Sleep apnea awakens cancer: A unifying immunological hypothesis

David Gozal, Isaac Almendros, Fahed Hakim

Research output: Contribution to journalComment/debate

24 Scopus citations

Abstract

The presence of obstructive sleep apnea (OSA) in patients with cancer appears to be accompanied by poorer outcomes. However, the mechanisms underlying such association are unknown. We hypothesize that the constitutive characteristics of OS A, namely, intermittent hypoxia and sleep fragmentation, promote changes in the tumor microenvironment that ultimately lead to a disadvantageous immunosurveillance, thereby accelerating tumor proliferation and enhancing its invasiveness.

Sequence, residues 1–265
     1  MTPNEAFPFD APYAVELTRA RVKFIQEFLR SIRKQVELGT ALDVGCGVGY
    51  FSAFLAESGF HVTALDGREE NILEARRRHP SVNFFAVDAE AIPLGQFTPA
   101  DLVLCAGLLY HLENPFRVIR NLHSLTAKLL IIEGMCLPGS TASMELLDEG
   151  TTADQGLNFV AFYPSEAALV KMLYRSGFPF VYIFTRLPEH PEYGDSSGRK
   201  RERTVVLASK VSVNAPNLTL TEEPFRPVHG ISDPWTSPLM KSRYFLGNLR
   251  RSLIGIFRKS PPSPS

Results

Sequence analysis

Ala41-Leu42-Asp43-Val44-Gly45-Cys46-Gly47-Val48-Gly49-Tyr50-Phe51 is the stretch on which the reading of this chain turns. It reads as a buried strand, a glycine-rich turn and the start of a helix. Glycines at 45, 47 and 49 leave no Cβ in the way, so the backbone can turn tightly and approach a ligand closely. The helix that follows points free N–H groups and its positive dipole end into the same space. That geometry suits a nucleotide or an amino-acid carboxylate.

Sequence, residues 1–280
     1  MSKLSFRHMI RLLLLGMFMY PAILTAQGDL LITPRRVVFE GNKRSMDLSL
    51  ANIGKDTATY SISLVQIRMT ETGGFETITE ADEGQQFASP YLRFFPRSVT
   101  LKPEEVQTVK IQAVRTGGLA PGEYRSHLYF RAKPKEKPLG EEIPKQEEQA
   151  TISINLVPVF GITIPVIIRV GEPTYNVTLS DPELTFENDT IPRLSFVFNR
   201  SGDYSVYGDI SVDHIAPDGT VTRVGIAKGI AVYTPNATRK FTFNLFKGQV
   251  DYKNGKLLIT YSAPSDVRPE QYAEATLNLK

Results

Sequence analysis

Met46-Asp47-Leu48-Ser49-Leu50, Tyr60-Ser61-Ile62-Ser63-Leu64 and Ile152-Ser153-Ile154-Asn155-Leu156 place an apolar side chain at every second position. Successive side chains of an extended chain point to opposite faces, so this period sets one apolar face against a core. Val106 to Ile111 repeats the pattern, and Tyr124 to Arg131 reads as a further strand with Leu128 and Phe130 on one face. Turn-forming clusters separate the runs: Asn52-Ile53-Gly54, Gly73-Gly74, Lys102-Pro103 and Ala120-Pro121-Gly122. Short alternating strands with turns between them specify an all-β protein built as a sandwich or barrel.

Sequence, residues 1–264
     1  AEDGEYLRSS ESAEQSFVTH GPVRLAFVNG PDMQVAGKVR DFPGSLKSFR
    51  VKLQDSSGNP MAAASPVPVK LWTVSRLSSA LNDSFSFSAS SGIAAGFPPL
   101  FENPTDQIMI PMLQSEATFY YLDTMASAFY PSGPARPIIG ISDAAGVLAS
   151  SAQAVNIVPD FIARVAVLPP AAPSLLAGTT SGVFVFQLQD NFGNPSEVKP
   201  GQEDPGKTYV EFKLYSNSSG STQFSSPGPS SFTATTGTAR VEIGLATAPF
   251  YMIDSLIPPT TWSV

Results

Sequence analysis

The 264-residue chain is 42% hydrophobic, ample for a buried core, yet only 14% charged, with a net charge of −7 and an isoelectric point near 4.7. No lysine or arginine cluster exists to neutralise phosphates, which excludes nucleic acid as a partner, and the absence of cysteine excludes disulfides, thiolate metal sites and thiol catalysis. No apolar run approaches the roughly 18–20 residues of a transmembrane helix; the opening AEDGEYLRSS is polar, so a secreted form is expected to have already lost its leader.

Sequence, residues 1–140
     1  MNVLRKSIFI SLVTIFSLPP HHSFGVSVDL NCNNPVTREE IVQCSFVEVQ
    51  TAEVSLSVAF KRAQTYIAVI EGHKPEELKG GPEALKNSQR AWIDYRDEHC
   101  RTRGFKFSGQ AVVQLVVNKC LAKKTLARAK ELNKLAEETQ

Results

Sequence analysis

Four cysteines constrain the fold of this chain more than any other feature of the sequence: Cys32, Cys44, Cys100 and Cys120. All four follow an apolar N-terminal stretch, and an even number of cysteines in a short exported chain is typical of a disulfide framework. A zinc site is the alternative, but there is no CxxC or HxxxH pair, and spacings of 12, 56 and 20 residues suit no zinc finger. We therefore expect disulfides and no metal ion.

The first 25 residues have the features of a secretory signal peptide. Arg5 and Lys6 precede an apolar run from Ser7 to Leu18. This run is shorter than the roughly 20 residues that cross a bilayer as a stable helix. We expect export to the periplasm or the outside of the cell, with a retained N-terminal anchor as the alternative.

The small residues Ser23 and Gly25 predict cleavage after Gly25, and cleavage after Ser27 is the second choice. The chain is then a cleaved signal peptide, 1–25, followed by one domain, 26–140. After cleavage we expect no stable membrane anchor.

Original languageEnglish
Article numbere28326
JournalOncoImmunology
Volume3
Issue number3
DOIs
StatePublished - 2014
Externally publishedYes

Bibliographical note

Funding Information:
D.G. is supported by National Institutes of Health grants HL-65270, HL-086662, and HL-107160. I.A. is supported by Beatriu de Pinós fellow ship from Generalitat de Catalunya (2010 BP_A 00238).

Keywords

  • Angiogenesis
  • Intermittent hypoxia
  • Invasion
  • Macrophage polarity
  • Sleep apnea
  • Sleep fragmentation

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